New England Patriots

I bet you didn’t expect to read Xavien Howard’s name alongside Tom Brady’s in a Hall of Fame discussion piece.

I’m not here to discuss whether he’s the greatest of all time or any of that. That’s for another time. He’s a Hall of Famer for sure though. I won’t go into details but let’s just take a look at his stats. Playoffs only; 11,179 yards, 73 touchdowns, 63% pass completion, 13 game-winning drives. And no, that first number you read wasn’t a typo. I checked that, several times.

14 Pro Bowls, 3 All-Pro’s, 3 MVP’s, 6 Super Bowl rings. Yeah, you get a gold jacket Tommy.

Yes, you are reading that correct. Julian Edelman. That little dude who isn’t currently top 100 in all-time receiving yards. The guy that’s never been to the Pro Bowl. A wide receiver who has only had two 1,000 yard receiving seasons.

But. There’s only one name ahead of Edelman in career post-season receiving yards. Jerry Rice.

He turns up in the big games, as his SBLIII MVP is a testament to. Okay, so he’s not a HoF’er right now, but a few more seasons with said Hall of Famer Brady, then who knows. Add a couple more rings (to his already three) and say he passes Jerry, then Edelman has a great case to join 12 in Canton.

Honourable Mention – Stephon Gilmore

New York Jets

A little editing had to be done when Kalil came out of retirement. He instantly became the most secure Jet to be a HoF’er. For the past decade, he’s been the steadiest lineman in the league and arguably the best center during that period. He earned five Pro Bowls and two All-Pro’s during his time in Carolina. He was a major part of the 2015 Panthers Super Bowl run and many won’t begrudge him deserving a ring.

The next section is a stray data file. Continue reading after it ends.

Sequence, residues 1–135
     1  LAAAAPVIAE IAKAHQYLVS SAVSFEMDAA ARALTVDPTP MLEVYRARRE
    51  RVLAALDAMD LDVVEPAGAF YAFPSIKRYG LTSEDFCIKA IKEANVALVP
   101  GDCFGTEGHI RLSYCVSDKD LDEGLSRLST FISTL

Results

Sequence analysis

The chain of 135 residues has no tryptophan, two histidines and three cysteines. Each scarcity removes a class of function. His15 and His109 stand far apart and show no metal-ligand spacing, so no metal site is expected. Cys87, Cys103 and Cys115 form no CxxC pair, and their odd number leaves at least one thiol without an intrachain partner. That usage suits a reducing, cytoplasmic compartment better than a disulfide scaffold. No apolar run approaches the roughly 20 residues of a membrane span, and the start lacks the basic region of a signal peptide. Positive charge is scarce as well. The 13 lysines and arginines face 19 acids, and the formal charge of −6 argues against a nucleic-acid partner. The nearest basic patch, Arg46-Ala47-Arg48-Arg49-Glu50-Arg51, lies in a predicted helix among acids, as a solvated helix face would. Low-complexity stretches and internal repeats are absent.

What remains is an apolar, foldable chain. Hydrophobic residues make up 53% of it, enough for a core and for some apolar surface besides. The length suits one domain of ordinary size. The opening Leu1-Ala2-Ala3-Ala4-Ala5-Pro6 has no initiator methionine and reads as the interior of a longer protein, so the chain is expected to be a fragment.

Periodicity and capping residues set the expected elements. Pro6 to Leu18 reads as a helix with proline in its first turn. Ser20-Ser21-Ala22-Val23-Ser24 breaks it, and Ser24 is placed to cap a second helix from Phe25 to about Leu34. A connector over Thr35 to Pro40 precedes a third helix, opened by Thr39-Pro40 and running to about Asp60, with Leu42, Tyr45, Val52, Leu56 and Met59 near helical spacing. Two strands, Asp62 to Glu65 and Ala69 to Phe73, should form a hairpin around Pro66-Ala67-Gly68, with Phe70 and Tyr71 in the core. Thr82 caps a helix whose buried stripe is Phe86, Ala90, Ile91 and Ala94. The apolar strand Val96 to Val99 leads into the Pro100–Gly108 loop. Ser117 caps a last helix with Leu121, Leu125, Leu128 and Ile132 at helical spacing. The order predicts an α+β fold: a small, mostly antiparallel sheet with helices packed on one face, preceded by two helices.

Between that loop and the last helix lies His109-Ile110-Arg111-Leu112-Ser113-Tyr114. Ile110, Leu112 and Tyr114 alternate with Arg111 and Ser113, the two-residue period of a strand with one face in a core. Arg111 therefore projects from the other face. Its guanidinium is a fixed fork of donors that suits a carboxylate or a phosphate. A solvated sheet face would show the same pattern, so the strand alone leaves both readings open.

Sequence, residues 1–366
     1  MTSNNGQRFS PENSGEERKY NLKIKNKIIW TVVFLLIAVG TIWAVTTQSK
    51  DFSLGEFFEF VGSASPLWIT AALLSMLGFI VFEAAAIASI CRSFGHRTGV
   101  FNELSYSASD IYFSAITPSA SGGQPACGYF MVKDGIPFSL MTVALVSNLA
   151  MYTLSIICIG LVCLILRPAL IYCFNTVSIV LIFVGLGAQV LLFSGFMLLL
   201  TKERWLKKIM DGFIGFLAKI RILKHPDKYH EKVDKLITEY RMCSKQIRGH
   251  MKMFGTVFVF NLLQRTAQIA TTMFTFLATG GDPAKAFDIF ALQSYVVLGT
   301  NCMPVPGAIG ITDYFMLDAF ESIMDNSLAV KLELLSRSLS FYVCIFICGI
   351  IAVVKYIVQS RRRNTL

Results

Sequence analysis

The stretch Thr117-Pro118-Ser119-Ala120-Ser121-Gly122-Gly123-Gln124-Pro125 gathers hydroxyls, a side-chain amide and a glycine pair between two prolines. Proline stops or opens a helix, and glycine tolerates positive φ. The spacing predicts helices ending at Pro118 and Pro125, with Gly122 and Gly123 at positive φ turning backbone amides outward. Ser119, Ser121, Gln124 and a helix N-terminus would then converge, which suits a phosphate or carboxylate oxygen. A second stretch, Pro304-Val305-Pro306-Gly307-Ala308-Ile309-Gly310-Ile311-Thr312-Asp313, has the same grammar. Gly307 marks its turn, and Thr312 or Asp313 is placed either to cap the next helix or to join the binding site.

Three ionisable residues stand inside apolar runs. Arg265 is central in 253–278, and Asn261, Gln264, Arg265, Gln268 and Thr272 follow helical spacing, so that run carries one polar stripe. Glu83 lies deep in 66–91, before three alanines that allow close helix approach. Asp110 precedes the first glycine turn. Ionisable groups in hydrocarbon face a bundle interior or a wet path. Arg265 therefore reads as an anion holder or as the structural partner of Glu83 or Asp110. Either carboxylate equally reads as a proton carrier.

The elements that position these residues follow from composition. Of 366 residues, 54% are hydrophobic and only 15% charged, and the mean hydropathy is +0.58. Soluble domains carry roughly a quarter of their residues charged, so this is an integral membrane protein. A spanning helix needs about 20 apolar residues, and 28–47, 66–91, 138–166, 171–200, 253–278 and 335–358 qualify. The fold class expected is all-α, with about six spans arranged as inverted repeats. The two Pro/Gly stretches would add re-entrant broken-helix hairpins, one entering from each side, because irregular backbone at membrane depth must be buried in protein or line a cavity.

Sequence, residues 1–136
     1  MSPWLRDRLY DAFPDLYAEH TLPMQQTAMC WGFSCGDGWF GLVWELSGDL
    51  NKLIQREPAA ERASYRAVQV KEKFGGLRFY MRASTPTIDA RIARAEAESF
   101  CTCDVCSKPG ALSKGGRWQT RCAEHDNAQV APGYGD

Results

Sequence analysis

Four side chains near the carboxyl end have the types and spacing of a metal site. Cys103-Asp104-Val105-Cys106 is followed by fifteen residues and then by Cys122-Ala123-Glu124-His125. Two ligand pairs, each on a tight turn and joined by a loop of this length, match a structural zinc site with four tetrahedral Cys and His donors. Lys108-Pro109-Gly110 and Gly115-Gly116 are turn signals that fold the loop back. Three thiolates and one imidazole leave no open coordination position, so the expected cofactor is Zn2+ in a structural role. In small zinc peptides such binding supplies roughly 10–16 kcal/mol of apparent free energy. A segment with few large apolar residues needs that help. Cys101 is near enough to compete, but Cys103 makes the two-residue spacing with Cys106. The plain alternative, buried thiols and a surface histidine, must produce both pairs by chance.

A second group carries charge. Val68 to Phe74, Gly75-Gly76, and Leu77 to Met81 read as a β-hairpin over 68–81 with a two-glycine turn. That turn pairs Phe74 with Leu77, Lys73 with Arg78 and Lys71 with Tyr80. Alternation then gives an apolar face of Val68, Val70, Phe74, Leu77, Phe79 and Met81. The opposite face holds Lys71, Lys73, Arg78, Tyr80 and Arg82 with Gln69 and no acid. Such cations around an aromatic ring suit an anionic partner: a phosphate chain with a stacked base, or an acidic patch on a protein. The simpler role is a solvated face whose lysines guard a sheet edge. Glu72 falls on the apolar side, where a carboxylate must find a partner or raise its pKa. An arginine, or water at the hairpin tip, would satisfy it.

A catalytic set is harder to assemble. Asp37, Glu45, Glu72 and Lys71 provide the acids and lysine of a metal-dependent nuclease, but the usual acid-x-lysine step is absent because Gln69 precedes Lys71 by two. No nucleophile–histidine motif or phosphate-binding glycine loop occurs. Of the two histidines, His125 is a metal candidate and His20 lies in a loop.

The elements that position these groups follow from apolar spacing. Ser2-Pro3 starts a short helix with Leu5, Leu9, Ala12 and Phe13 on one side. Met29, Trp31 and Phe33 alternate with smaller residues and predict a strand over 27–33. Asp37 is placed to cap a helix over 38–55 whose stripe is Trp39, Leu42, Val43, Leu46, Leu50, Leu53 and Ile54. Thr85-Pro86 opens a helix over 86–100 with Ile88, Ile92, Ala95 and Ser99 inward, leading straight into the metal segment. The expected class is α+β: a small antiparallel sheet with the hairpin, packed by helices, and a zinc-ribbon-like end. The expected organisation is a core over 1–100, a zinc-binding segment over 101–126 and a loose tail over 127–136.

Five outstanding years in Baltimore has C.J.Mosley on his way. He has yet to play a snap for Gang Green, but he begins witha very solid base. Mosley burst onto the NFL scene with 150+ tackles his rookie year. He also has great playmaking ability, with nine interceptions and 8.5 sacks. This will have to continue in New York for Mosley to get anywhere near Canton.

If Mosley is to make it, his career will have to go in some way similar to that of Luke Kuechly. The leagues’ best inside linebacker.

Honourable Mention – Le’Veon Bell

Denver Broncos

Hall of Fame, NFL picks

Another easy lock. Miller is destined for the Hall of Fame. He’s had double-digit sacks every year, barring 2013, where he only played nine games. All this has accounted to 98 career sacks for Miller, putting him 33rd all-time.

His honours include 7 Pro Bowls, 3 All-Pro’s and a Super Bowl ring. With Miller only being a shade over 30, he still has several prime years to add to his already illustrious career.

Chris Harris will go down as one of the greatest slot cornerbacks to ever play the game. The ability to shut down an opposing wide receiver is often regarded higher than being able to intercept the ball, especially in today’s’ NFL. Harris has consistently proved his capabilities of shutting any slot receiver he comes up against.

As previously stated, it’s often difficult for cornerbacks to make it to Canton. But Harris has been one of the more elite defenders of the previous decade. His four Pro Bowls, one All-Pro and an all important Super Bowl ring only add to his HoF argument.

Kansas City Chiefs